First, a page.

Joe Isuzu was Isuzu's humorously mendacious spokesman back in the 80s. Sadly, Joe wasn't around when today's Nice Price or Crack Pipe Vehicross debuted but had he told you it came from the future, you just might have believed him
Yesterday, we took a balloon ride to the mesosphere of pricing, where the air is so thin, only those with fat wallets and impossibly skinny supermodel lady friends seem to thrive. Despite those harsh circumstances, over 55% of you acquiesced that it would be worthwhile taking that long first step out of the balloon and riding the Ford GTX1 Prototype back to Earth. Oh, and $kaycog had a good morning.
That Ford, mind-bendingly intemperate in both price and performance, was claimed to be the rarest of the rare, and it will prove difficult to top that car's rarité and specifications, so today we're not even going to try. Our candidate, in juxtaposition to yesterday's, looked ahead when it debuted, rather than to the past, and plied its performance bona fides in inclement weather and on the dirt rather than twisty canyons and Proactiv-smooth raceways. Instead of a mid-mounted V8, this vehicle has a V6 in residence under its nose. They both however are supercharged.
This 2000 Isuzu Vehicross in ebony black represents one of the car maker's last attempts to remain relevant in a rapidly crowded marketplace dominated by bigger players with more dealers and bigger ad budgets. Remember that by '99 when the Vehicross entered the U.S. Market, beloved but ineffectual Joe was long gone. The Vehicross looked like nothing else in the sport utility segment with plastic cladding that rose up like an old man's pants and canted headlights surrounding titanium fangs in a gaping grille. Underneath, the Vehicross had every piece of AWD technology Isuzu could throw at it. The Torque On Demand (TOD) system developed by Borg Warner uses 12 sensors that feed into a proprietary computer which manages torque split by affecting the center differential clutch pack. The split is optimized every 20 milliseconds for almost instantaneous changing of the torque split, and is able to send the majority to either axle.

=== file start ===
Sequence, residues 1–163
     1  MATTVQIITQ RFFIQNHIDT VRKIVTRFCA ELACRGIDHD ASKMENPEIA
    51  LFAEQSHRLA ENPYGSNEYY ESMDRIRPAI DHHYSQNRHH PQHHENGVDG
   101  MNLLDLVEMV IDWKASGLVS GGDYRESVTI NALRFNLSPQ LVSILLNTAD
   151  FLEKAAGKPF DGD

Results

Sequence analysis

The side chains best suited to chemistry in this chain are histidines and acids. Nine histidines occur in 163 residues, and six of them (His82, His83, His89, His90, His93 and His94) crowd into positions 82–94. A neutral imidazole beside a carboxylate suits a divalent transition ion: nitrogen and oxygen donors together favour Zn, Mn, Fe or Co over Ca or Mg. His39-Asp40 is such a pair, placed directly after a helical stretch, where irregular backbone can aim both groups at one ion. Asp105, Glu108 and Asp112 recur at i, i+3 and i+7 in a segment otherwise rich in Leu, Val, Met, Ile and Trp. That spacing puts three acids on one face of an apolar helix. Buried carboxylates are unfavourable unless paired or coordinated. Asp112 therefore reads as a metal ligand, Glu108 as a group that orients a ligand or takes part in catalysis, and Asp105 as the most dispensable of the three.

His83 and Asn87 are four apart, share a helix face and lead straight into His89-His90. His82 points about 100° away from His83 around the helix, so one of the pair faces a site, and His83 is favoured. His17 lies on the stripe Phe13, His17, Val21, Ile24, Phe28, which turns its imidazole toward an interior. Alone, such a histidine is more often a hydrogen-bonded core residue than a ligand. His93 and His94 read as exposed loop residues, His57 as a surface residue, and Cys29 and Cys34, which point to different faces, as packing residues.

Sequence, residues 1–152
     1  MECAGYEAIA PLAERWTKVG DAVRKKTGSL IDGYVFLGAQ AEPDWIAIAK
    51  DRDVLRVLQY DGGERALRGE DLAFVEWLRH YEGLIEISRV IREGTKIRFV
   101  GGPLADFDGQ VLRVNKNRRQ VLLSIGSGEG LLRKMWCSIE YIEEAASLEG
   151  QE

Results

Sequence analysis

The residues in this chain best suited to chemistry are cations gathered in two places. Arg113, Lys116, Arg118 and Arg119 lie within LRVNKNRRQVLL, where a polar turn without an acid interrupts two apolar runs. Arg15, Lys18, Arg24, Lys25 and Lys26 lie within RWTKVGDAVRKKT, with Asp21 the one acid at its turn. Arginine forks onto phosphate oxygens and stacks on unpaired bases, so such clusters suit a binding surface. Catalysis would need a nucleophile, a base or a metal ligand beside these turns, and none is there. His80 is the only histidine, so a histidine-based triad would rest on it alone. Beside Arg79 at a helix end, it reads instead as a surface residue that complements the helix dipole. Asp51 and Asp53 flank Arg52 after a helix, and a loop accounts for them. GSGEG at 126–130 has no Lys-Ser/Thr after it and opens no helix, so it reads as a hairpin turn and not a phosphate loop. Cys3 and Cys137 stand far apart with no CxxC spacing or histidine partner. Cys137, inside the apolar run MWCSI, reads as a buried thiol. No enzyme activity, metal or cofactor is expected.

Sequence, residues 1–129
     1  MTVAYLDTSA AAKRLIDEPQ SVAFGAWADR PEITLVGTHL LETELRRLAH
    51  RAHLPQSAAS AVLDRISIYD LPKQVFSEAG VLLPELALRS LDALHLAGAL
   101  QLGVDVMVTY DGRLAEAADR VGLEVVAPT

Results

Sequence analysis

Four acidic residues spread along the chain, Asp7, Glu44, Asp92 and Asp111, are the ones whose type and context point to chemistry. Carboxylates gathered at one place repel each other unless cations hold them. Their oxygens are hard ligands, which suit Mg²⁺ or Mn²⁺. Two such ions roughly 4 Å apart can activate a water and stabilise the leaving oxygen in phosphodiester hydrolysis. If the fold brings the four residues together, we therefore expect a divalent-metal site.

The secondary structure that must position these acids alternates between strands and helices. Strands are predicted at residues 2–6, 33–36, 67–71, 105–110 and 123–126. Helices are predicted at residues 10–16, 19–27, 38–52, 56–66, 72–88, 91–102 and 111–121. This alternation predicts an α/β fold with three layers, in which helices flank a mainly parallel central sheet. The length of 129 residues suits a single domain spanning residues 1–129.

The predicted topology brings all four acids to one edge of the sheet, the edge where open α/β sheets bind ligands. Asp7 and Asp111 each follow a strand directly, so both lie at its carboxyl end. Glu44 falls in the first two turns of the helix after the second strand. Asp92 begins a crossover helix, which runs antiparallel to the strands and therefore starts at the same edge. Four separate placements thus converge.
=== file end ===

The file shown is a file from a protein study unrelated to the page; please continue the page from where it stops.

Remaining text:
Bolted to that innovative drivetrain is a 4-speed automatic and mated to that is Isuzu's 3.5-litre DOHC V6. That engine put out 215 horsepower stock, but this one's not stock. Like yesterday's Ford, this Isuzu from a possible future is supercharged. What looks like an Alpine Developments blower rests atop the motor, and the seller makes the claim of 300 ponies from the now forced induction six. Power delivery of the stock motor was said to be adequate back in the day, so this one, if it does rock 300, should be. . . more than adequate.
A few cosmetic flaws are noted regarding the exterior, however no mention is made, nor does the seller provide any pictures, of the interior. If he did, you'd probably notice that it's not as futurama as on the outside. The dash is shared with the decidedly ‘80s Trooper, and the Recaro buckets' two tone color scheme hasn't really stood the test of time.
Another test is the seller's demand for $10,000 for this 54K Isuzu, and whether that makes you want this Vehicross, or just makes you. . . very cross.
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